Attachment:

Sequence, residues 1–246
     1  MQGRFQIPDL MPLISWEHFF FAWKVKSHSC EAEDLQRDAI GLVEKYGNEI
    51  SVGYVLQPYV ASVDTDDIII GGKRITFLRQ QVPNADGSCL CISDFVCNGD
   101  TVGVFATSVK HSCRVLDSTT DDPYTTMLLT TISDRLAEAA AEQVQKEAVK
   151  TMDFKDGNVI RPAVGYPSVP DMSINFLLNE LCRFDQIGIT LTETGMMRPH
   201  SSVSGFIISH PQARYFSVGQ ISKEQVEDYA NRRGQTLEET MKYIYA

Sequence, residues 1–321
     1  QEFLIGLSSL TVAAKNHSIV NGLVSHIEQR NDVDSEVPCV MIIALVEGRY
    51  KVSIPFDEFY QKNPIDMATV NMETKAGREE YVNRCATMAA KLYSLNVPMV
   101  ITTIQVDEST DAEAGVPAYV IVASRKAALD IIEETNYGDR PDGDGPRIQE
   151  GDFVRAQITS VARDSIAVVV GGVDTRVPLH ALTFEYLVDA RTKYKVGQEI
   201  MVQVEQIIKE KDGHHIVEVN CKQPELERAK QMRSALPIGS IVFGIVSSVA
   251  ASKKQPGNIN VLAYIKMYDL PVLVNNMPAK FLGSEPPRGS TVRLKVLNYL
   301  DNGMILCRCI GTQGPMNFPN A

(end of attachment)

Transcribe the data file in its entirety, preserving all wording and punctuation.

Sequence, residues 1–246
     1  MQGRFQIPDL MPLISWEHFF FAWKVKSHSC EAEDLQRDAI GLVEKYGNEI
    51  SVGYVLQPYV ASVDTDDIII GGKRITFLRQ QVPNADGSCL CISDFVCNGD
   101  TVGVFATSVK HSCRVLDSTT DDPYTTMLLT TISDRLAEAA AEQVQKEAVK
   151  TMDFKDGNVI RPAVGYPSVP DMSINFLLNE LCRFDQIGIT LTETGMMRPH
   201  SSVSGFIISH PQARYFSVGQ ISKEQVEDYA NRRGQTLEET MKYIYA

Sequence, residues 1–321
     1  QEFLIGLSSL TVAAKNHSIV NGLVSHIEQR NDVDSEVPCV MIIALVEGRY
    51  KVSIPFDEFY QKNPIDMATV NMETKAGREE YVNRCATMAA KLYSLNVPMV
   101  ITTIQVDEST DAEAGVPAYV IVASRKAALD IIEETNYGDR PDGDGPRIQE
   151  GDFVRAQITS VARDSIAVVV GGVDTRVPLH ALTFEYLVDA RTKYKVGQEI
   201  MVQVEQIIKE KDGHHIVEVN CKQPELERAK QMRSALPIGS IVFGIVSSVA
   251  ASKKQPGNIN VLAYIKMYDL PVLVNNMPAK FLGSEPPRGS TVRLKVLNYL
   301  DNGMILCRCI GTQGPMNFPN A